Assuming that I should move forward with a hash, this is a new one for me... I find people storing passwords in a hash, is it the same concept?

Sort of, but with passwords it's about encryption so that you don't have to store the actual password. In your case it would be creating a hash string that uniquely identifies each message, the same way that a CRC checksum is often used to verify that a file is unchanged (if the checksum is different than expected, the file was changed). So with every new message, you could have the hash string calculated, and then search the database for that hash to see if an exact match of that message already exists. All so that you don't have to put the complete message in a WHERE clause.

However, if you were to store messages in a separate table, then you wouldn't really need hashes; they could still be used if you have a lot of duplicate messages, but once you've de-duplicated the message rows and have the ability to link a single message to multiple recipients, I doubt that it would really give you any benefit.

All in all, it sounds like a proper rewrite of the whole database structure is in order :-)
7:56 pm on Sept 26, 2018 (gmt 0)

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Wouldn't the first row be sufficient to put the same message into the proper folders of both sender and recipient, if you disregard the "folder" column?

In 99.9999% of the cases it would, but I have a very few exceptions.

In order to prevents scammers, hackers, and viruses, I have a handful of filters on new accounts that check for certain keywords or IP addresses that seem fishy. Maybe once a week or two, I'll wake up to see that a new account tried to send a few hundred messages, and they were all filtered! But I don't want the scammer to see that they didn't go through, or they'll just keep revising their verbiage until they find a way through.

So because of those relatively rare instances, I have them in 2 separate rows.

It'll get more complicated if you have more types of folders, perhaps even custom ones...

That's exactly how it is... I let the user create their own folders, so many users have dozens of folders! The only limitation is the length is set to 50.

Ideally you would also store user IDs along with each message, rather than repeating the full username every time.

Yeah, I really wish I'd set up an ID for each username in the beginning! Doing it now gets a bit complicated because I have to modify so many programs, but I do think it will make things run faster... so I'll probably just get on it and do it.

Note that the order of columns in combined indexes is important. If you put 1 index on the 3 columns "username", "status" and "folder" (in that specific order), then this will only help with queries that select first by "username", then (optionally) by "status" and then (optionally) by "folder".

That's good to know, I didn't realize that!

Question: when you say "optionally" status and "optionally" folder, does it work the same if I don't use status in the query? It's been complicated to get a side-by-side comparison and I'm not sure how to do a query without using the cache, but I THINK that by adding status to the query it got faster...

Sort of, but with passwords it's about encryption so that you don't have to store the actual password. In your case it would be creating a hash string that uniquely identifies each message, the same way that a CRC checksum is often used to verify that a file is unchanged

This is still getting over my head... I looked through the MySQL docs, and all I really find on hashing is about password encryption. So I'm not getting the purpose or value of it here.

Do you mean that I would have a 3rd column (eg, "id", "hash", and "message"), then use MD5 on "message" to create a 128-bit hash? Then just query for a matching hash instead of a matching message?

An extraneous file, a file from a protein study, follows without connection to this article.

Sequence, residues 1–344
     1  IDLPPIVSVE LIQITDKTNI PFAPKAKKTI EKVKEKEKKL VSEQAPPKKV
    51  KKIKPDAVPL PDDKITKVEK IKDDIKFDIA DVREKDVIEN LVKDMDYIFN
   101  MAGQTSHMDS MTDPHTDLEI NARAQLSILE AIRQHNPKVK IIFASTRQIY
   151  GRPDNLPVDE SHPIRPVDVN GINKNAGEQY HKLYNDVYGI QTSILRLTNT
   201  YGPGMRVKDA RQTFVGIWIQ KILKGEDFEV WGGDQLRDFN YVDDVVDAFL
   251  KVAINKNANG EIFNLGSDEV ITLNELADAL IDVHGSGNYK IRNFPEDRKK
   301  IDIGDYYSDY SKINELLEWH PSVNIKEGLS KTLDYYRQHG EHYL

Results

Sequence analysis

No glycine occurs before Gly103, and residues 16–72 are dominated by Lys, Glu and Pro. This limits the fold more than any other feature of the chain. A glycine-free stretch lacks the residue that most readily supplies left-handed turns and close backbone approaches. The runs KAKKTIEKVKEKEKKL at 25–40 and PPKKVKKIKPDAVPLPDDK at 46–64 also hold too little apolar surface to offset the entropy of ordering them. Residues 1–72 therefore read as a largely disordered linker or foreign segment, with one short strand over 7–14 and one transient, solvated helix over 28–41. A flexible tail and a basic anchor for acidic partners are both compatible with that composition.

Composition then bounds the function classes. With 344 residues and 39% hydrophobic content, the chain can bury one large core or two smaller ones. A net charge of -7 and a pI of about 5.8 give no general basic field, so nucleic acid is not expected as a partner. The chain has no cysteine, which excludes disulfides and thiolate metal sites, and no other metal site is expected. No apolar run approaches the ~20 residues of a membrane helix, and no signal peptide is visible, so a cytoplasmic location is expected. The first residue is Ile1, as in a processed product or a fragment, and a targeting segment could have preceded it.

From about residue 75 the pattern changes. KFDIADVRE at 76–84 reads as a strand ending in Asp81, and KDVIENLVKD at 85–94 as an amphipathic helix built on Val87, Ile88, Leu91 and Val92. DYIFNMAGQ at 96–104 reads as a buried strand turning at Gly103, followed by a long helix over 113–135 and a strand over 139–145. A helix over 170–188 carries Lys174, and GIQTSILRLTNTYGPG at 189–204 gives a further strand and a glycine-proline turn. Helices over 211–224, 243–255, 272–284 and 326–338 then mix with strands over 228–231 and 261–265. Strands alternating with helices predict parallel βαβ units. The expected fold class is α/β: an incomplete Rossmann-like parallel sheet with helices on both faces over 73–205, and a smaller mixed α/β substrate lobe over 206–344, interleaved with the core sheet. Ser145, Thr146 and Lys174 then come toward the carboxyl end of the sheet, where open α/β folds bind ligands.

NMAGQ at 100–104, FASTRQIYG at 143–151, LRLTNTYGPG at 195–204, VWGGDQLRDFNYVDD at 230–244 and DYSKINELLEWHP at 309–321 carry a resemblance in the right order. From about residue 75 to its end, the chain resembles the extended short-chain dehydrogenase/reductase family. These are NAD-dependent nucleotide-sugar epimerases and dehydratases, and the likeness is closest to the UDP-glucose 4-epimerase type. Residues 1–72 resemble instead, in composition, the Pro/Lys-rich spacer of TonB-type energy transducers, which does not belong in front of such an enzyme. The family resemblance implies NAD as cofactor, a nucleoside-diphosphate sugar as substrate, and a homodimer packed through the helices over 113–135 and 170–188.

Right now I'm leaning towards not worrying about the hash, but understanding the concept might make some other tables run better when I have a UNIQUE index.
8:12 am on Sept 27, 2018 (gmt 0)

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Question: when you say "optionally" status and "optionally" folder, does it work the same if I don't use status in the query? It's been complicated to get a side-by-side comparison and I'm not sure how to do a query without using the cache, but I THINK that by adding status to the query it got faster...

If your index is in the order "username", "status", "folder", but your query only calls for "username" and "folder", then the index will only be consulted for the "username" part, because "status" is missing in the middle. So it works only left-to-right, basically. It will work for "username, status, folder", "username, status" or "username", but not for "status, folder", "username, folder", "folder", etc. So it's pretty limiting actually, but if you often query the database using those three columns in the same order, a combined index will be faster than separate indexes on those columns.

Do you mean that I would have a 3rd column (eg, "id", "hash", and "message"), then use MD5 on "message" to create a 128-bit hash? Then just query for a matching hash instead of a matching message?

Exactly. It's not something from the MySQL docs, just a trick you could use to avoid querying the full message. Assuming the majority of messages aren't duplicates, however, I think you can probably do without this.

If most of the duplication occurs when people send the same message to multiple recipients, then you could just store the message once:

message_id.........message_sender.........message_text
3544...............52363.................."Hello world"

...and then use another table to link the message to multiple recipients:

message_id.........message_recipient
3544...............79237
3544...............63723
3544...............97427

In that scenario, it's probably not worth it to store a hash of each message, as the space the hashes take up may very well be larger than what they'd save you on message duplicates.

Still, if you were to use a hash, e.g. because a relatively large number of messages tend to be duplicates, you might split that first table:

message_id.........message_text.........message_hash
3544..............."Hello world"........8bd69e52

...and create another table linking a message to 1 or more senders:

message_id.........message_sender
3544...............52363
3544...............78373

...so that if multiple people send a message "Hello world", you would only need to store it once. You'd calculate the hash of the submitted message in PHP, look for it in the database, and if it exists you just link that message ID to another sender and recipient.

But you should probably ignore that ;-)